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Levels of Selected Heavy Metals in Water and Sediment of the Soku Oil Field Area of the Niger Delta, Nigeria

Olu U, Ugbomeh AP*, Bob Manuel KNO and Ekweozor IKE

Department of Animal and Environmental Biology, Rivers State University, Nigeria

*Corresponding Author:
Ugbomeh AP
Department of Animal and Environmental Biology
Rivers State University
Nkpolu- Oroworukwo, Nigeria
Tel: +2348033104090
Email: [email protected]

Received Date: March 13, 2019; Accepted Date: April 22, 2019; Published Date: April 29, 2019

Citation: Olu U, Ugbomeh AP, Bob Manuel KNO, Ekweozor IKE (2019) Levels of Selected Heavy Metals in Water and Sediment of the Soku Oil Field Area of the Niger Delta, Nigeria. J Aquat Pollut Toxicol Vol.3 No.1:25

 
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Abstract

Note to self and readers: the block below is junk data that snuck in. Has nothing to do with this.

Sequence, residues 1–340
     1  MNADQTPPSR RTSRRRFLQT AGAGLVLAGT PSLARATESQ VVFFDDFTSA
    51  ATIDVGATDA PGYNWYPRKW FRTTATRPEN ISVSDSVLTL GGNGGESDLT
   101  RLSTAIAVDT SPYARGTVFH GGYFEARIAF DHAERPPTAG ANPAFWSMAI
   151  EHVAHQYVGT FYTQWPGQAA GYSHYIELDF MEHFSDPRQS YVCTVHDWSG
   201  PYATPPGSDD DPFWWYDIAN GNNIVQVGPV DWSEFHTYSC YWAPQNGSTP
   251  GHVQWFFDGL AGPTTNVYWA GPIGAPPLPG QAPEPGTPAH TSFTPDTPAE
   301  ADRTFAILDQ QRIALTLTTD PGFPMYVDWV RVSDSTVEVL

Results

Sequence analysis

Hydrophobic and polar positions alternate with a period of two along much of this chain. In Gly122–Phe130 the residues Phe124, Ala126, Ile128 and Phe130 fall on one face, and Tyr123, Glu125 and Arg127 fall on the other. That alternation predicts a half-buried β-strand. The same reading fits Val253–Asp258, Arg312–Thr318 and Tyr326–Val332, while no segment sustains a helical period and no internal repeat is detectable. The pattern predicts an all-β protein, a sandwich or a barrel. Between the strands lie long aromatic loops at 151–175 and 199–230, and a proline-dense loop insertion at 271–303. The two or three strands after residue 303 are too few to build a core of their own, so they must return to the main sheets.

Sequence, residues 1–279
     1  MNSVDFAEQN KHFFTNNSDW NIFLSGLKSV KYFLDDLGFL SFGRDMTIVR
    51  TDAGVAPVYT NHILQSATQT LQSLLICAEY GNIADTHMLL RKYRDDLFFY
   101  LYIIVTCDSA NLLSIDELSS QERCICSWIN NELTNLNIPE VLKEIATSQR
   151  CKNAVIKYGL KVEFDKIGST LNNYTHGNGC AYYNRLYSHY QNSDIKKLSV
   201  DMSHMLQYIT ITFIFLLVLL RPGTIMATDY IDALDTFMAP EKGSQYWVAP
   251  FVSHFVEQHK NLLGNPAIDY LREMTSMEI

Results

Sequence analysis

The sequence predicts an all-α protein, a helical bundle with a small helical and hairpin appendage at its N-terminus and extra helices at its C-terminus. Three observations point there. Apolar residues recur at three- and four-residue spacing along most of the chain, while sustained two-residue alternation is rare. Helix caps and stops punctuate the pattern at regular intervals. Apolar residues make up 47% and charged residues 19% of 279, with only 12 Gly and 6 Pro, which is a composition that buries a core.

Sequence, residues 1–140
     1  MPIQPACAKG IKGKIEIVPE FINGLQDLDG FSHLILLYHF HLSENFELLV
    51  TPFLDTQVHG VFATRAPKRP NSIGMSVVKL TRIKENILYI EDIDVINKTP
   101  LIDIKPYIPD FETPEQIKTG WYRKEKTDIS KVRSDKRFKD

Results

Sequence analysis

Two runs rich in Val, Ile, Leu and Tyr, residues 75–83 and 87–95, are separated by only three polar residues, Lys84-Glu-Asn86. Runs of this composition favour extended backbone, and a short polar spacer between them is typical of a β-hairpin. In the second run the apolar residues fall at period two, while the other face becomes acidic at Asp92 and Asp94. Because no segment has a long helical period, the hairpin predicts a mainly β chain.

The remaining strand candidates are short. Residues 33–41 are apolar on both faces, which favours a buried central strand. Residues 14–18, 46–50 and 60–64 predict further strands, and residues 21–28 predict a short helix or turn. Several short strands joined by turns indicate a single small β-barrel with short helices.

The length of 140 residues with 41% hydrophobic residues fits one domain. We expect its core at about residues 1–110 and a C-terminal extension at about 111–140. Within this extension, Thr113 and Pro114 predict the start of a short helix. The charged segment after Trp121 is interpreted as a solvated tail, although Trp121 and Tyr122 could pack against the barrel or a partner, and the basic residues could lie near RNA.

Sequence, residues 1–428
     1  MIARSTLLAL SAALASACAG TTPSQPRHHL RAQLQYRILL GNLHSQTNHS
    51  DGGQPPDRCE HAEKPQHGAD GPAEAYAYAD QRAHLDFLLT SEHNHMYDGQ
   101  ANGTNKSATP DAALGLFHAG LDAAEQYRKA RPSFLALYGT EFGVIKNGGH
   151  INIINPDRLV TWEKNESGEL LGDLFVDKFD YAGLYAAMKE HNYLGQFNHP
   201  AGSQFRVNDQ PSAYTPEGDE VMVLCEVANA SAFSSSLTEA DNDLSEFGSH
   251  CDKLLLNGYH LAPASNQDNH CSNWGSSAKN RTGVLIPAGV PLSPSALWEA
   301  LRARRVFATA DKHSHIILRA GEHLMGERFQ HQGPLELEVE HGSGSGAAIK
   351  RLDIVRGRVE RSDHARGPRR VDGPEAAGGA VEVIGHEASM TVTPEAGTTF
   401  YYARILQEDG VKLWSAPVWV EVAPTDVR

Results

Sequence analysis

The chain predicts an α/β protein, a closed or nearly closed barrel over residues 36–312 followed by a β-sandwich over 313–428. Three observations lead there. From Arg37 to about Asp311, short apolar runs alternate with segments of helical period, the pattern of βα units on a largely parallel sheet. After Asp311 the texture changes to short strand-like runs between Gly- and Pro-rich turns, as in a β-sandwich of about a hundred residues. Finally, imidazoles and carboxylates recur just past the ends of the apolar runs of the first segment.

The concentration of heavy metals (Cd, Pb, Fe, Al and V) in surface water and sediment and their sediment enrichment factor were determined in Soku oil field area of Rivers State, Nigeria. Surface water and sediment were collected in duplicates, bimonthly from four stations from July 2017 to May 2018, upstream and downstream of the Soku oil field. The physicochemical parameters (ToC, Dissolved oxygen, salinity, pH) were measured according to standard methods. The total metal concentrations were analyzed using AANALYST 400 Perkin Elmer Atomic Absorption Spectrometer. The heavy metal mean concentrations (mg/L) in surface water were 1.95(Fe), 0.88(Al), 0.64(Pb), 0.08 (V) and 0.01(Cd), while in sediments the heavy metal concentrations (mg/kg) were 6608.63(Fe), 2.84(Pb), 2.54(Al), 2.16(Cd) and 1.90(V). All recorded values were above permissible limits for both water and sediment with the exception of Al in water. Heavy metals concentrations were generally high in the dry season depicting heavy metal pollution and suggestive of high dilutions by heavy rain fall in the wet season. Higher concentrations of heavy metals in the sediment as against the surface water were indicative of overtime pollution of the river and confirmation of the sediment as a sink for heavy metals. Enrichment factor using Fe as the reference element ranged from depletion (0.0003) to extremely significant enrichment of 137.27 in the order of Al˂V<Fe<Pb<Cd indicating a high Cd and Pb pollution, of the environment which is a potential threat to aquatic and human life. The determination of Al level in water and sediment was a first in the area. Al at the recorded pH between 6-7, may form soluble hydroxides that act as respiratory toxicant for fish.